Second marriages and stepfamilies present challenges and new opportunities for couples.
Contrary to their 'bad image', stepfamilies can provide a rich and rewarding environment for the adults and children involved.
In second marriages, couples are often more aware of the difficulties in establishing a successful relationship and are more committed to making the marriage work.
Both second marriages and stepfamilies have to overcome some difficult hurdles. These hurdles can present significant challenges to the couple in their relationship as partners and as parents.
Unfortunately, many second marriages and stepfamilies, despite their commitment to making things work, fail to get over these hurdles.
This page outlines some of the challenges and complications of re-partnering and step-families.
The Decision to Re-Marry or Re-Partner
Before you re-marry or re-partner, you should consider the following questions:
- To Whom?
Listen to any doubts. If necessary, wait a little longer. Perhaps talk over any doubts with a counsellor.
The simple answer is when you have come to terms with the end of your previous relationship. This is particularly important if you did not want the first marriage to end, and had to deal with the pain of leaving or being left by your previous partner. It takes longer than many people expect to get over the end of a long term relationship, even if you might have been unhappy and felt that the end was inevitable.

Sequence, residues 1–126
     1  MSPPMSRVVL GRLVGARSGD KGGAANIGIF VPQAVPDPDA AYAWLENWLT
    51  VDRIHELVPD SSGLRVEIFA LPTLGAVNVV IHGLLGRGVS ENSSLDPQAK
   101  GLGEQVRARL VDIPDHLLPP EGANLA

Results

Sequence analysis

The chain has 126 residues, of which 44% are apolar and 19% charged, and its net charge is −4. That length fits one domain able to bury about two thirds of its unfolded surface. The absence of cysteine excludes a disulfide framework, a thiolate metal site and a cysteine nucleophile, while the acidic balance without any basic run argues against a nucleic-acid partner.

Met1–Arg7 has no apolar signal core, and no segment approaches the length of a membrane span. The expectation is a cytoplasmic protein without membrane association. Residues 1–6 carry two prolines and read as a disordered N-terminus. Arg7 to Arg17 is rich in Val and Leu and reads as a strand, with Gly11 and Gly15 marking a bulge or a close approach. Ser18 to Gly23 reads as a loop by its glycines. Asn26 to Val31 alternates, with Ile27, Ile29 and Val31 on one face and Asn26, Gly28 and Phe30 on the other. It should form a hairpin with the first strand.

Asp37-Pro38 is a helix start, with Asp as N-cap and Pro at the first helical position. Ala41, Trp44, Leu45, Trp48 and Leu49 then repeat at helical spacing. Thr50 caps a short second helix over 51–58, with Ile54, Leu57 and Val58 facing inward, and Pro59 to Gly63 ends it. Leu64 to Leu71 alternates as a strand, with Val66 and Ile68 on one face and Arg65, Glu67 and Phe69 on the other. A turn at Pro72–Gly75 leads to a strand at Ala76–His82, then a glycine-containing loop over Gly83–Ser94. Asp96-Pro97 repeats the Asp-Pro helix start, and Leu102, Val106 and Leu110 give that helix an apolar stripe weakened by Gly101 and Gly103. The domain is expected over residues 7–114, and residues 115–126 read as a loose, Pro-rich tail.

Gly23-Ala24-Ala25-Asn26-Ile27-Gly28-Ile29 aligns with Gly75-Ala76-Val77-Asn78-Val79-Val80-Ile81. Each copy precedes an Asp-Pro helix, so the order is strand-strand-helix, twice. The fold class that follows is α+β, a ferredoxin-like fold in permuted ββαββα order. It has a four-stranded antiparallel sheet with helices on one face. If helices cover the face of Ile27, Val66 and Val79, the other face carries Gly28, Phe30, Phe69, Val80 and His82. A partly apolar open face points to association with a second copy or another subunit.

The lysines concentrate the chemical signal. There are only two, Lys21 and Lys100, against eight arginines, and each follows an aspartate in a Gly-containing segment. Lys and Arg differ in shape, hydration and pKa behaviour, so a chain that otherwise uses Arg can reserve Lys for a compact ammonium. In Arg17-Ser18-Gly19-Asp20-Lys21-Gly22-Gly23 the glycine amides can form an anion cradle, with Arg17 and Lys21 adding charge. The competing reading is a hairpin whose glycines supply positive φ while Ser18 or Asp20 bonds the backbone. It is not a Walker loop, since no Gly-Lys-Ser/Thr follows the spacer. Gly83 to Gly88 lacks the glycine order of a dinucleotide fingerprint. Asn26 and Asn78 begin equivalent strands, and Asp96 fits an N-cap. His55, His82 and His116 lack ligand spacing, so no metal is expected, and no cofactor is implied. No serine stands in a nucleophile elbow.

Some studies suggest many people take at least two years to adjust to the end of a long term relationship. There are many exceptions to this. Some people take longer, others adjust more rapidly. Ask yourself:
- Do I find myself thinking about my ex-partner and do these thoughts still arouse strong feelings such as anger and resentment?
- Have I adjusted to living alone again?
- Have I regained a sense of self-confidence?
- Can I look back on that relationship and recognise some of the things that contributed to its breakdown?
In other words, am I emotionally free to re-partner? Can I put all my emotional energy into this new relationship without allowing my feelings about my previous relationship to get in the way?
Just as you cannot re-marry until you are legally free to do so, being emotionally free to re-marry is also important.
Unfortunately this question is often overlooked. Are you thinking of re-marrying because you want to be with a new partner whom you love or do you want to re-marry for the sake of being married, or to provide a two-parent home for your children? Being alone is not easy after being married or in a long-term relationship, especially if you have children living with you. However, moving too rapidly into a new relationship is no solution in the long-run, particularly if it doesn't work out.
Past experiences influence our choice of partners. This is especially true of a second marriage. Be realistic about what worked and what didn't work in your first marriage when making a decision about a new partner. Learn from that experience to clarify what sort of partner you want.
Being in love is not enough to make a relationship work especially once the initial excitement has worn off. Many couples thinking of getting married try living together first. This may help, but remember that living together is not the same as being married. If you have children, they may find such an arrangement confusing and need reassurance.